Cyber adversaries around the world will be targeting this year’s census, which is certain to come under attack again, cyber security experts say.
It’s just a matter of how well the lessons of 2016 have been learnt and whether measures taken by the ABS to protect against a repeat performance will prove to be effective.
Australia made global headlines for all the wrong reasons in 2016 when the census website was taken offline for two days after a failure of multiple IT controls.
Director of the RMIT University Centre for Cyber Security, Professor Matt Warren, says the 2016 disaster was the result of a number of factors including a series of distributed denial of service (DDoS) attacks, hardware problems and outsourcing failures.
“The census was hit by a number of denial of service attacks, which is when an attacker directs vast amounts of network traffic against a server,” he told Government News.
“The other problem was a hardware issue because they hadn’t tested to see what would happen if millions of people tried to access the system at once.
“Then the ABS suspected a serious cyber incident and they took it offline for 40 hours to try to determine what was going on.”
The problems also reflected shortcomings in the service agreement with the provider, IBM, which meant the system wasn’t properly tested, Professor Warren says.
Senior analyst with the Australian Strategic Policy Institute and author of an ASPI guide on building government services for peak demand, Tom Uren, says he’d be surprised if the census wasn’t targeted.
“It’s very likely that, like last time, the census will be targeted by garden variety denial of service attacks that try to overwhelm it,” he told Government News.
“I’d be positively surprised if they weren’t targeted”.
System rebuilt and tested, ABS says
The ABS denies that the system was overloaded but says an attempt to restore it during the fourth and last DDoS attack led to the failure of one of IBM’s routers.
It also says no personal information was inappropriately accessed, lost or mishandled.
This year the ABS has awarded the $7 million contract to deliver the census digital services to consultants PwC and the system has been completely rebuilt since 2016, the ABS says.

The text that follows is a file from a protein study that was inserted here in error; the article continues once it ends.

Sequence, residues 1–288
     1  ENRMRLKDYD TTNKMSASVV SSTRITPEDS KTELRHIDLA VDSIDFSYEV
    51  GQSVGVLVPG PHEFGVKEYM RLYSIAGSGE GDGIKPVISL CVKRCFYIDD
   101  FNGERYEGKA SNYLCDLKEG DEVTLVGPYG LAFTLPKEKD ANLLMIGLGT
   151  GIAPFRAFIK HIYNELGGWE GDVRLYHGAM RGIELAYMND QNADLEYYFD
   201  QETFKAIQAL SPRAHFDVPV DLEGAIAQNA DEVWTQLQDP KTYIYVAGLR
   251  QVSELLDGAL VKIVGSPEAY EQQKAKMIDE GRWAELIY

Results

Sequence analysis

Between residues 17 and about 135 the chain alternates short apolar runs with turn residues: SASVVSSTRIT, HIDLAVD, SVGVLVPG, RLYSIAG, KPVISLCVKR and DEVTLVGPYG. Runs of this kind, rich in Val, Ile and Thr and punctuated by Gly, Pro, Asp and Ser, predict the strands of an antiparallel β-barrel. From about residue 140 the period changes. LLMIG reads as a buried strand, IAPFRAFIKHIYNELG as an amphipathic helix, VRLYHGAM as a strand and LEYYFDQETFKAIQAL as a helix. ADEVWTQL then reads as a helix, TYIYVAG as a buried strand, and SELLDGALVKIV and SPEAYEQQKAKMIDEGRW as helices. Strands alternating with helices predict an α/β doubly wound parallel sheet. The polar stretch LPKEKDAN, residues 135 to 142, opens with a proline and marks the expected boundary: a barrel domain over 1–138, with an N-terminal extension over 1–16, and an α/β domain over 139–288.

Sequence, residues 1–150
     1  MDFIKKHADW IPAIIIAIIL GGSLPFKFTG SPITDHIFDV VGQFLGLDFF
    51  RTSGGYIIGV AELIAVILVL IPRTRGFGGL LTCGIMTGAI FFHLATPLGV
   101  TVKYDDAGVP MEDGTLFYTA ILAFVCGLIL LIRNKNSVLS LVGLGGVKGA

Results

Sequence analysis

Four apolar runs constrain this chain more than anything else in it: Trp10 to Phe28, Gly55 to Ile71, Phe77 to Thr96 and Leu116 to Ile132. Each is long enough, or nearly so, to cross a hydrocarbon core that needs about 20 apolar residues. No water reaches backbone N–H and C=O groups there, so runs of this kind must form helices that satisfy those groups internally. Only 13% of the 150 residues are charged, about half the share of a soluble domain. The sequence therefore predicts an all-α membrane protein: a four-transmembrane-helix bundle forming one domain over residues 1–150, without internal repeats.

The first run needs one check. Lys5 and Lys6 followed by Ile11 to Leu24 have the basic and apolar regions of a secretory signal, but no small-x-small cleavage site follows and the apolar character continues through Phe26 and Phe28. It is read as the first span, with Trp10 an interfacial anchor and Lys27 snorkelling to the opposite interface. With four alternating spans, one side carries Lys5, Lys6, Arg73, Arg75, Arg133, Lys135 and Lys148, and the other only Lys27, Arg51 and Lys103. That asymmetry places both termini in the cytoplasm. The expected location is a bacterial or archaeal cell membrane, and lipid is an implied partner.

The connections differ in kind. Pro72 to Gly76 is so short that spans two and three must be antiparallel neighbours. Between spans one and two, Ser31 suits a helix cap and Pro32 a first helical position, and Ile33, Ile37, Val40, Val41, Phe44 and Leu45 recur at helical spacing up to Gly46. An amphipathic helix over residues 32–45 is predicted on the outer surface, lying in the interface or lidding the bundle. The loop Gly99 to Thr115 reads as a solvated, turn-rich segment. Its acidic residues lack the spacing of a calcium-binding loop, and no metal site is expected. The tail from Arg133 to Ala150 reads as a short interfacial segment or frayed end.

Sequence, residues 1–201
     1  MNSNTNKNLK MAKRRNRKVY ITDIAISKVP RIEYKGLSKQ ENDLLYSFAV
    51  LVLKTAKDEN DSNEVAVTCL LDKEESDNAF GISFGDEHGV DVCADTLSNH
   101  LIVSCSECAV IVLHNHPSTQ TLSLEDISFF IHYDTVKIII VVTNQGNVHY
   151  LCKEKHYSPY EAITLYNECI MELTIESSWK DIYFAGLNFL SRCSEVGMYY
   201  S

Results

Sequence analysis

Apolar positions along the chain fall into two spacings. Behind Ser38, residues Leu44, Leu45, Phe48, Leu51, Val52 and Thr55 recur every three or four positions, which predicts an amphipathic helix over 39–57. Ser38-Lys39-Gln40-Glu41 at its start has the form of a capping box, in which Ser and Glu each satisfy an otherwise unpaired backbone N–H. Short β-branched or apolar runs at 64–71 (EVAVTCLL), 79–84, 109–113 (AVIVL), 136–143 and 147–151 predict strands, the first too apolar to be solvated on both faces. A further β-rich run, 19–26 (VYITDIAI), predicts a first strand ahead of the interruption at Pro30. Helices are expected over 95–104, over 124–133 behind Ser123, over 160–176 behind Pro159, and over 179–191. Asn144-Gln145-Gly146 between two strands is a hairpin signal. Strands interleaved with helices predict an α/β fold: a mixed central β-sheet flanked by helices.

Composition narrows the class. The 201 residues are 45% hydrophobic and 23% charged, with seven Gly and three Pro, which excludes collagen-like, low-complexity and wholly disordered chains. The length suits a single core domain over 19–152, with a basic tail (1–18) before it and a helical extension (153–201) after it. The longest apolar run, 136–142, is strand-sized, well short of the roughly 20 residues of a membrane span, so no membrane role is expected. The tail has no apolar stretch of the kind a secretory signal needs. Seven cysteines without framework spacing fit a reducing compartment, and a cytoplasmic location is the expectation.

“Since the DDoS incident which affected the 2016 census, the ABS has implemented DDoS protections and conducted regular DDoS testing to verify its protections,” a spokeswoman told Government News.
“The Census Digital Service has been architected and designed to handle large loads and defend against large scale sophisticated DDoS attacks.
“The Census Digital Service has undergone extensive security testing including a number of rounds of very large DDoS tests.”
A different environment
But Professor Warren says the 2021 census is facing a different cyber security environment from five years ago.
From a geopolitical perspective, Australia has become the victim of more sustained threats and cyber attacks, including attacks by criminal gangs and ransomeware, he says.
Adversaries will be drawn to the census for a number of reasons, including to embarrass the government or erode public confidence in the ability of the ABS to carry it off.
“The census is a very high profile online event for Australia which cyber adversaries around the world woud be focused on,” he says.
“Certainly there are going to be attacks because of the nature of the system being online.”
Mr Uren remains optimistic about the ability of the census to withstand attacks.
“I’m sure that the security and resilience of the Census has been thought about a lot more seriously and there are a lot more protections,” he says.
“This doesn’t guarantee it’ll go off without a hitch, however, but I’m optimistic that it will work well.”
Professor Warren says while the ABS will have built more security and resilience into the system to reduce the impact of denial of service attempts, the real test will come next week.
“Certainly the government has prepared for it, but Tuesday’s going to be the date where we find out if this has been successful.”
A report by Australian National Audit Office released last November concluded that planning for the 2021 census had been only partly effective and that “the ABS had not fully implemented all the lessons from the 2016 census”.
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